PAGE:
On the second question I would say that there is no replicating model for this. Faithfulness in bearing witness to the state is always contextual, local, and occasional. I cannot tell you how to do it in Houston, I can only tell you how we do it in my community in the hopes that you will be encouraged by the stories I tell. Faithfulness always grows out of a specific context which is usually non-transferable.


Finally, down here in Houston it’s easy to forget that we don’t live in a “Christian Nation” and never did. So I find of immense value the “major surgery” you invite us to. What value do you find in conversations about Post-Christendom and living from the margins? Do you think our Christian mission is to “reach” (or re-reach) our cities for Christ, or learn to live as the prophetic minority?

We have to be friends with the poor. We need to know their names and share what we have with them. We need to get to know the alien who is here w/out papers – know their names, where they live, their children and their story. We need to help them to have what they need so they can survive the heat, feed their families, and live without constant fear. I tend toward living prophetically, but I have no desire to remain a minority. I mean, I want to convince everyone. I’m fine with a Christian running the country. It’s just that I have to do this without coercion or violence (which is currently impossible; see political campaigns and national war). This means that if we are going to elect Jesus for president (figuratively), it will typically happen slowly, imperceptibly. It also means that I must simply pursue faithfulness no matter what the outcome of an election is. I think the job of the prophet is to speak loudly and clearly about the way things are and the fact that God is not okay with some of it. But the next words out of the prophet’s mouth have to be words of hope and resurrection.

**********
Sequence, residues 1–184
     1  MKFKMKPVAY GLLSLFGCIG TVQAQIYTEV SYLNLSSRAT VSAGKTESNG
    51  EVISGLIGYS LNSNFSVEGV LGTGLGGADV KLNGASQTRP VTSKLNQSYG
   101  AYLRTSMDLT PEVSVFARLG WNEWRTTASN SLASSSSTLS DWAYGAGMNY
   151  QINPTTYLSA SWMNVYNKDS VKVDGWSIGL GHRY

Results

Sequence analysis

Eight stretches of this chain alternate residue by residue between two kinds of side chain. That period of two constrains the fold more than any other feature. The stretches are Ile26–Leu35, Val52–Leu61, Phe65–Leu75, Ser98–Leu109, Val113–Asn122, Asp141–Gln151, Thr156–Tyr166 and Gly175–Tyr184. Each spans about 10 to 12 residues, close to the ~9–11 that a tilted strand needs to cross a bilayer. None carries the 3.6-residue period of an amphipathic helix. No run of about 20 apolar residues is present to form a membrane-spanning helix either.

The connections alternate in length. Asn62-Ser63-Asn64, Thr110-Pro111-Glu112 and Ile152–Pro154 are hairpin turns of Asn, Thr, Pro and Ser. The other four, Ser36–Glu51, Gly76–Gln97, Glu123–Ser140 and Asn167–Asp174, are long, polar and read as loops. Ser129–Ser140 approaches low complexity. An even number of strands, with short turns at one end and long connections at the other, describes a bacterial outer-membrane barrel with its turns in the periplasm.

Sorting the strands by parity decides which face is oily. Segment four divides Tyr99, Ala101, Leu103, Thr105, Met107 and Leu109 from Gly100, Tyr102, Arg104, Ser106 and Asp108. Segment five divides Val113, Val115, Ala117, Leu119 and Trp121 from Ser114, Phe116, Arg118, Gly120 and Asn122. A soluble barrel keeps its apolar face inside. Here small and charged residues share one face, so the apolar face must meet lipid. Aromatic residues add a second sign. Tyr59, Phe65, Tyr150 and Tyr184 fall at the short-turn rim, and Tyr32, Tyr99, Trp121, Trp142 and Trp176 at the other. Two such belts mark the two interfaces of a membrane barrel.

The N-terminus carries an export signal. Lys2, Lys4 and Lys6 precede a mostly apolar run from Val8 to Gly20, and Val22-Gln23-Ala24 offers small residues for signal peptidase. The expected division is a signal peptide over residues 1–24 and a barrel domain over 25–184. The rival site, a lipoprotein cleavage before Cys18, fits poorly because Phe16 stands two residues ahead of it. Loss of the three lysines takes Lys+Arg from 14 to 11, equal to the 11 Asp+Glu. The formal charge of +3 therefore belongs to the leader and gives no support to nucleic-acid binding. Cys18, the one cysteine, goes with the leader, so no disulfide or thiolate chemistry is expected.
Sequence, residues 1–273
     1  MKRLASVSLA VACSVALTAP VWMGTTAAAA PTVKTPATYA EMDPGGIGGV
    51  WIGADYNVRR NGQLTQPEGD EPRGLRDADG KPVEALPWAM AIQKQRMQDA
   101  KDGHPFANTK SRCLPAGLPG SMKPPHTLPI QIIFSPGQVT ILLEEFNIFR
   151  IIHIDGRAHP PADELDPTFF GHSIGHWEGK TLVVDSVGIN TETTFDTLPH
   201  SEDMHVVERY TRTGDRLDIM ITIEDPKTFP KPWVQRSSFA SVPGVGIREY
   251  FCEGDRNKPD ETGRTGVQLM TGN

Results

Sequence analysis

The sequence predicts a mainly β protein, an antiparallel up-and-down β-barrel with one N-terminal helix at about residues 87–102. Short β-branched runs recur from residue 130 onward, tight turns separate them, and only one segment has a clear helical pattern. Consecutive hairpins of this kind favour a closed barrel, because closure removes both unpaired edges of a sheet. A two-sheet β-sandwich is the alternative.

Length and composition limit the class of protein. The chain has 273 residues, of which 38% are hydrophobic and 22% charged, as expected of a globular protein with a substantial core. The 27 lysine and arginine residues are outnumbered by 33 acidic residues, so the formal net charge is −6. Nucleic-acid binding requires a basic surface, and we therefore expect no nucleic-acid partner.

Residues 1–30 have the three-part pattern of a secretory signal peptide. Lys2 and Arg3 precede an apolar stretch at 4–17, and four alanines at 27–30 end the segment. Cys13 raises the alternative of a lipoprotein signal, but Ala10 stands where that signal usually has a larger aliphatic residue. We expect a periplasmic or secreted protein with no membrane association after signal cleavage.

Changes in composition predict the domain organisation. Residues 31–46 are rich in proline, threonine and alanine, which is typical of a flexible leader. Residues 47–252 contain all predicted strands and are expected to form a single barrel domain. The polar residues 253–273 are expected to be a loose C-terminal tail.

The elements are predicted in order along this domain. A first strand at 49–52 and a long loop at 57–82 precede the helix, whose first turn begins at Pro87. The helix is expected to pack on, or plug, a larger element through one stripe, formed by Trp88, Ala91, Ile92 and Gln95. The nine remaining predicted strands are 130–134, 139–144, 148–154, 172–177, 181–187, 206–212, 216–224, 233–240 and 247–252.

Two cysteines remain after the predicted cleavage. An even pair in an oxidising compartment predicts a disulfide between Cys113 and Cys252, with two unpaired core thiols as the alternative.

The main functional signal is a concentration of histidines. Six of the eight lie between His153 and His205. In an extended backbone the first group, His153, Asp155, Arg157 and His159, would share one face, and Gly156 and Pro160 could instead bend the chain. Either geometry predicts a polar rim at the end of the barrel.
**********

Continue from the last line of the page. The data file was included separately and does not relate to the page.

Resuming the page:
Special thanks to Tim for answering our questions so deeply, and while on vacation too! Check out Public Jesus for a great afternoon read. Tim blogs at Paperback Theology and tweets @tim_suttle.

Friends, what are your thoughts on our dialogue? How would you answer the questions above?

GOD’S STORY (YOU ARE HERE) August 5, 2012


Welcome words and theme intro
Call to Worship           (From Psalm 119)

Opening Prayer                       SJ 137

Songs of Praise and Celebration

*Offering and Offertory


Children’s Time


Response Song HWB 594 Lord, you sometimes speak

*Sharing & Prayer: What are your Experience with Scripture??


Sending Scripture

Commissioning:                       SJ #127

Song of Sending           God of the Bible SJ #27

Worship Leader: Linda Washburn ; Speaker: Pastor Conrado Hinojosa; Children’s Message: Judy Hoffhien ; Children’s Church: ?; Song Leader: Mike Schmidt; Pianist: Margaret Gehman; Scripture Reader: Lynda Voran.


Christian Formation Options at HMC:
Join us each Sunday morning at 9:30AM!
Immigration: See above.
►Junior High/High School Youth:  Faith Exploration with Pastor Marty. In the annex.
** Children’s Church:  During worship in our children’s ministry room for kids
aged 1-5. They learn a Bible story, sing, and play together.

Pastoral Care: Do you want a person to talk with about something in your life? Got a question or insight into faith or scripture you want to kick around? Have you been sitting on a great idea for the church? Need prayer? Want to get to know your pastor better? As your pastor, I’m available to meet with you at the office or at a time and spot that works better for you. Just let me know when and where! Monday’s through Thursdays, and weekends by appointment. Marty Troyer, church office (713)464-4865,, also available on Facebook.